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Our company targets both business customers and developers building apps on top of our platform. I’m a non-technical PMM and the first marketing hire in the company. As our marketing team grows, when should we bring a DevRel into the team?

Our business model is product-led-growth. How should we prioritize bringing in a DevRel vs. other critical functions like content and demand generation as we grow our team and want to do it efficiently?
3 Answers
Lauren Craigie
Lauren Craigie
Cortex Head of Product MarketingSeptember 14

If your company is focused on community building, then I think now is the right time to bring that resource aboard. If you mean Dev PMM or Dev Ex (folks a little more focused on creating resources), you can build this capability internally before dropping someone in:

Ask other technical folks at the company that you think already have a great voice, and have already built trust in the community (founder, solutions architects, pre-sales engineers, product team), to write and present more. Saying "you should write a blog!" will almost never get you what you need on a timeline that you think is appropriate, so you'll have to do a bit of set up.

Consider a prompt format-- ask them to write 50-100 words (expand that if you have someone who wants to build their brand a bit more and is willing to play a bigger role) on why a given feature is useful. Or, why now is the right time for the new product you're launching. Or, why the market is ripe for disruption. Whatever it is, keep the focus extremely narrow. Use those prompts to build out longer blogs, reports, etc. 

Ask the product team to record Loom videos when they're shipping. It's easy for them to do, and gives you another resource for content when you prepare your launch.

Lean on quarterly community surveys to ensure you're capturing top of mind thoughts, ideas, and concerns. Not having someone focused on day-to-day interaction is ok in the short term, but your community has to feel like they have an outlet for being heard and understood.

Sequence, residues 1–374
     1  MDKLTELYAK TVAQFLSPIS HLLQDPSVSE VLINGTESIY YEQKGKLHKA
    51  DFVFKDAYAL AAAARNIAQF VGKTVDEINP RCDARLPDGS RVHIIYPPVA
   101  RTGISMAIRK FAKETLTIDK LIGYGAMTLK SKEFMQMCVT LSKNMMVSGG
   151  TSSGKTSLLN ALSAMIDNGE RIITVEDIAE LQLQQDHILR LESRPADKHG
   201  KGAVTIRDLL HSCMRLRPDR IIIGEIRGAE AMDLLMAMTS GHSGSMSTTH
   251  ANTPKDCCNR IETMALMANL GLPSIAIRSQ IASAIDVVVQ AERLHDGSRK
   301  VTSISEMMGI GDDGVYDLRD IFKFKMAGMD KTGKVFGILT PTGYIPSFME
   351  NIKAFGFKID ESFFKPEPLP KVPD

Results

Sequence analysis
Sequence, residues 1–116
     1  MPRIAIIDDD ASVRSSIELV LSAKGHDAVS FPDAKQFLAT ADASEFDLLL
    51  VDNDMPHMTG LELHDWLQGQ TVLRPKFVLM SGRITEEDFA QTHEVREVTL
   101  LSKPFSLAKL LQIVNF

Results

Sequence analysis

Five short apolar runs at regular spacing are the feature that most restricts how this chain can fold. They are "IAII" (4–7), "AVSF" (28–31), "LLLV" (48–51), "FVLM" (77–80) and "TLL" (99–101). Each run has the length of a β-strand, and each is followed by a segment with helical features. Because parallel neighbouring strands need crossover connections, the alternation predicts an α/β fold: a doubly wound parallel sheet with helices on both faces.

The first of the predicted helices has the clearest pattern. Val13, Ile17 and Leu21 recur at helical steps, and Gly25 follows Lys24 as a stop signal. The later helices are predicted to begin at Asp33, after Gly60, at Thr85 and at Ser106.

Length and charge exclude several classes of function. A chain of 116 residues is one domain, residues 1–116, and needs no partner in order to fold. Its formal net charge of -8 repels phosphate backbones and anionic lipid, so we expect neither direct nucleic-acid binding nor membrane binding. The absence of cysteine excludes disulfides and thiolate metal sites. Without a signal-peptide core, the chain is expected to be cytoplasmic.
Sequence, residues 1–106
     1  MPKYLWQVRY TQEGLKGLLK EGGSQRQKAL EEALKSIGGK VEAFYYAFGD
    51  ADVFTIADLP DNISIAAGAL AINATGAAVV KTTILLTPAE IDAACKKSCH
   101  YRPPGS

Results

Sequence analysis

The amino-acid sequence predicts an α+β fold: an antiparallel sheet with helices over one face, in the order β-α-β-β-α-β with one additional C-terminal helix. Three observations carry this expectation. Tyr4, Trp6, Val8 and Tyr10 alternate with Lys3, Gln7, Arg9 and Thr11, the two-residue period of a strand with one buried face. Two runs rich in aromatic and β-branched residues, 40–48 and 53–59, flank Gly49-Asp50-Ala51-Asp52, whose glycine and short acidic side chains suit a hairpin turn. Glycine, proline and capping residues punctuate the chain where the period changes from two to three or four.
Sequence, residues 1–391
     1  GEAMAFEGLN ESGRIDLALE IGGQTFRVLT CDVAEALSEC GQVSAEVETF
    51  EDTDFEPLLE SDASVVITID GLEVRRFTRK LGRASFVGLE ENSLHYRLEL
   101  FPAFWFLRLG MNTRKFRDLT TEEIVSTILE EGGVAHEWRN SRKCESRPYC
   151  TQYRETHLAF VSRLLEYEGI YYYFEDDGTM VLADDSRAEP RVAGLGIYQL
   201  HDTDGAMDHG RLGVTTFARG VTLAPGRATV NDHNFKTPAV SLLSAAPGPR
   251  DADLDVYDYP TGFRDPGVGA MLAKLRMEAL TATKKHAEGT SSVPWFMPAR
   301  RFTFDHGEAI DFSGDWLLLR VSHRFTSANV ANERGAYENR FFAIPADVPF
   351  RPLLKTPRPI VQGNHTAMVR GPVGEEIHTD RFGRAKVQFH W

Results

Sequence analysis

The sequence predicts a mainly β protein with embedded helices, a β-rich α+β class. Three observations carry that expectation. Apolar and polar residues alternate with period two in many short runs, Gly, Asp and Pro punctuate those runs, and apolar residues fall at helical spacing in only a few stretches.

402 Views
Vishal Naik
Vishal Naik
Google Product Marketing LeadJuly 14

First off, I don't think there is a template on building out the marketing function, it depends on what makes the most sense for your organization. If I were in your shoes, I’d take the Moneyball/Strengthsfinder approach. You’re already on board as a self described non-technical PMM. If you bring in DevRel earlier, you may be able to cover other non-technical marketing needs by yourself and leverage your DevRel counterpart to help carry developers through the funnel with more technical conversations and how-to. But if your lead funnel is both business customers and developers, DevRel may not help you with your business customers. So if your big gap is top of funnel across both personas and getting leads routed appropriately, you may need Demand Gen. Also, what does your customer journey look like? Do customers start with developer tools from day 1, or do they onboard use your existing software and then graduate to the developer platform after a time/usage threshold has been met? That may also guide what makes sense for you. I’d suggest you start with your present state, think about your goals and your ideal customer journey, address your current gaps, and then decide if the best next role is a more technical person on the team or someone who can help you build demand. Personally, I tend to view storytelling as a key part of product marketing, so I’d probably not lean to a dedicated content resource above those other two as I tend to think PMM could own that function pretty well, especially in a smaller org. 

315 Views
Justine Davis
Justine Davis
Postman Head of Product MarketingNovember 17

Ah the famous chicken or the egg problem. DevRel is most powerful when partnered with a marketer who knows how to get eyeballs on the technical content. This is a partnership in the most beautiful form, hard for one to be successful without the other. Since you are the first marketer, it is time for an evangelist. UNLESS you have a developer who absolutely loves writing, and is raising their hand to partner with you on content. But let's face it, when coding calls, your content drops to the backlog so your best bet is to have a dedicated resource. All the marketers in the world won't move the needle if you aren't confident in your message or can't speak the developer language. 

401 Views
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